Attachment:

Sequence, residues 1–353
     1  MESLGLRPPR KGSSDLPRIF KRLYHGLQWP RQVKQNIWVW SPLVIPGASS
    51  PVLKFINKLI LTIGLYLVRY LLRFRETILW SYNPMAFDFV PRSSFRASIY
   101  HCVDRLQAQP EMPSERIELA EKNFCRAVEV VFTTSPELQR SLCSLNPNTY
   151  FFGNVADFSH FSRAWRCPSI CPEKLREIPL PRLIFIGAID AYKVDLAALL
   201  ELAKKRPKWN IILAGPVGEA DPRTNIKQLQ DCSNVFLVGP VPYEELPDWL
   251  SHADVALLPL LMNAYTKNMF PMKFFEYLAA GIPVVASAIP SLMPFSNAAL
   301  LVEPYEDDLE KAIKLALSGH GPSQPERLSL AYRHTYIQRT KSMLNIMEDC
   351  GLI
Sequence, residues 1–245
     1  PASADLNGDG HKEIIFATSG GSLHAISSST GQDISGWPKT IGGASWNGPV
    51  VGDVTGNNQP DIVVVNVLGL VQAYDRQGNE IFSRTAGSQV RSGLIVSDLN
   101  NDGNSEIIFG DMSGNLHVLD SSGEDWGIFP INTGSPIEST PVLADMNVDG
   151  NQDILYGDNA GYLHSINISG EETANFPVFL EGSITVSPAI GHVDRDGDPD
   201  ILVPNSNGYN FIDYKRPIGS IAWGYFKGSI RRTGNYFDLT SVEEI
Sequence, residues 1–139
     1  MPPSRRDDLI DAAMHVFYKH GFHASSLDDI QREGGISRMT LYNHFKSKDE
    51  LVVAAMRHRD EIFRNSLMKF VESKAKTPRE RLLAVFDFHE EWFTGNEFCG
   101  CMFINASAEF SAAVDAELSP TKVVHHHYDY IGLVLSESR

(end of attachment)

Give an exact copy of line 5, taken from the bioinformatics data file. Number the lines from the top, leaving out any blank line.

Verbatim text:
   151  FFGNVADFSH FSRAWRCPSI CPEKLREIPL PRLIFIGAID AYKVDLAALL